Tuesday, April 8, 2014

Disappearing Black & Latino Teachers Reach Severe Levels in NYC Public Schools
Thanks to the decade-long dogged work of CPE member Sean Ahern and the research of the NYC Independent Budget Office's Raymond Domanico, we have the latest stats (above) about how deeply institutionalized is the "disappearing" of Black & Latino teachers.

What's hidden in these stats is the fact that Teach for America (TFA) now supplies 60% of New York City's new teachers! And more than 75% of TFA teachers are white. Their average tenure within our schools is 18-20 months. Hence, they are not only highly inexperienced instant teachers, but cannot relate to most of our children and use their stay in our schools as mere career stepping stones to hire salaries in teaching elsewhere or in other occupations.

Our demand should be a very simple one: The NYC Board of Education should set up a 10-year program that guarantees Black, Latino and Asian teacher parity with the racial demographics of the student population. Several years ago, Black New Yorkers for Educational Excellence (BNYEE) offered a comprehensive outline on how this could be achieved:

Solving this Crisis of Vanishing Black/Latino Educators

Black New Yorkers for Educational Excellence is advocating that we demand that the current Dept of Education immediately take the at least $60+ million annual teacher recruitment budget as well as other parts of its bloated and misdirected budget and redirect that money to launch a community-based recruitment and education campaign that is structured around a two-year, four-year and eight-year strategy of reaching Black & Latino teacher parity that matches the demographics of the student population. This campaign would include:
1.    Free tuition through graduate school for all those Black & Latino parents, college-bound High School grads and other adults who want to earn an education degree and commit to teaching at least five years within the NYC school system. CUNY, SUNY and private schools will be the participating colleges and universities.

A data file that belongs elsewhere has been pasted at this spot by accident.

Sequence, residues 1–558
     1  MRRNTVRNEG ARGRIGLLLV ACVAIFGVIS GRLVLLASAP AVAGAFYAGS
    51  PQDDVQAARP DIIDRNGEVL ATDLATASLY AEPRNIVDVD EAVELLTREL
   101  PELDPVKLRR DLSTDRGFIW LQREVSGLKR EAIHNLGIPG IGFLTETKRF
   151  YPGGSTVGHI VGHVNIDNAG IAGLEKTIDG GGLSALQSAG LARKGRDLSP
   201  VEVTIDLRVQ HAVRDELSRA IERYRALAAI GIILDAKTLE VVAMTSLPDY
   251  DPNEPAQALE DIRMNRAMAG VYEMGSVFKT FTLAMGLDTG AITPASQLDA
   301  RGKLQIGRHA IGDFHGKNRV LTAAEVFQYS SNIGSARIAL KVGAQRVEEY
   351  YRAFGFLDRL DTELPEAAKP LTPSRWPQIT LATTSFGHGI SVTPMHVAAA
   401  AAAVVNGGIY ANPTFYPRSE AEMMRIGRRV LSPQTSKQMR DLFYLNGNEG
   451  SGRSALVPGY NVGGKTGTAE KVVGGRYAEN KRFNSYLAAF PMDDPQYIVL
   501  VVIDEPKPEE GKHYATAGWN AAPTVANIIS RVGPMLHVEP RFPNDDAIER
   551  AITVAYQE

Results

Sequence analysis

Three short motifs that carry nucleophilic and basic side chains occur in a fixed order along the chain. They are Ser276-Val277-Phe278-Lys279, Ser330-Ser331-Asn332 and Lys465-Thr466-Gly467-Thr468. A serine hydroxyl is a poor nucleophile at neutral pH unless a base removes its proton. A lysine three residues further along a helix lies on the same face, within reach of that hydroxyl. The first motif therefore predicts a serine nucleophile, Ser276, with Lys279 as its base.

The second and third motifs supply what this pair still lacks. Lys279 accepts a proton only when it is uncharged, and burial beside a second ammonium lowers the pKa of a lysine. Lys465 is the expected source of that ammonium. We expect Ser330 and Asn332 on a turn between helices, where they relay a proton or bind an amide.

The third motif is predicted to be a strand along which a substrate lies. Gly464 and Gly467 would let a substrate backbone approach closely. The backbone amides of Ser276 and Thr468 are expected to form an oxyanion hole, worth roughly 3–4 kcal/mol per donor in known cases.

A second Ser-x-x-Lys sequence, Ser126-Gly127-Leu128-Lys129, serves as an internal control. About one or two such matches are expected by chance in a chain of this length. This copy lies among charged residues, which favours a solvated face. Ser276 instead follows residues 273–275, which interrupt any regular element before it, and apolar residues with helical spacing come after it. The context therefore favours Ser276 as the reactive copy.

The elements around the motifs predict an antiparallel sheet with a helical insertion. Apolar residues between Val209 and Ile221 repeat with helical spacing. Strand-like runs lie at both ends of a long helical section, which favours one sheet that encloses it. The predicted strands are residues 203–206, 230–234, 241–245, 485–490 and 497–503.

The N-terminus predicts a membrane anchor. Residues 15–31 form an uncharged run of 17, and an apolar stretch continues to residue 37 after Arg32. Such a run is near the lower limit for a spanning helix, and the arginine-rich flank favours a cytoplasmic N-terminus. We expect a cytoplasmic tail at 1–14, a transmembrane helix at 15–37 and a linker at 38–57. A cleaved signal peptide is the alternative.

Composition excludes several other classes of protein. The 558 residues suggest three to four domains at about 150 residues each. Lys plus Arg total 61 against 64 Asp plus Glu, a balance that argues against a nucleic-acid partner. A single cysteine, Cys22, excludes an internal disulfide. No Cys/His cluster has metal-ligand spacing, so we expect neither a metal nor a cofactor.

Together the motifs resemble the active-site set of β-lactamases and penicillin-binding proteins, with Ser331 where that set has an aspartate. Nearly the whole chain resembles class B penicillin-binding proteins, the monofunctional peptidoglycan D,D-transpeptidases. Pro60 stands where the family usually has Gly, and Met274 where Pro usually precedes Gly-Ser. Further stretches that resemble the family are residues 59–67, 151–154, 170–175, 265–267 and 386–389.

2.    The Board of Ed will pay for 50% of the fulltime in good standing Ed major’s rent or mortgage and 30% of their rent or mortgage for the first 3 years of their fulltime teaching status.

3.    The Board of Ed have at least 10 fulltime Community Teacher Recruiters in each Boro spending the next 4 years actively recruiting and enrolling potential educators from the Black and Latino communities.

4.    Over the next 10 years, annually bring at least 100 retired Black & Latino educators out of retirement thru various financial incentive programs and enhanced new retirement policies including comprehensive FREE family medical (including full dentistry) coverage.

5.    Institutionalize a Black & Latino Recruitment & Retention Commission and Program to help seek and keep the Black & Latino educators.

SOURCE: http://www.bnyee.org/edvisionstofightfor.htm

Of course, this broad outline will need more discussion and details. CPE and BNYEE welcome your ideas, visions and constructive criticisms.


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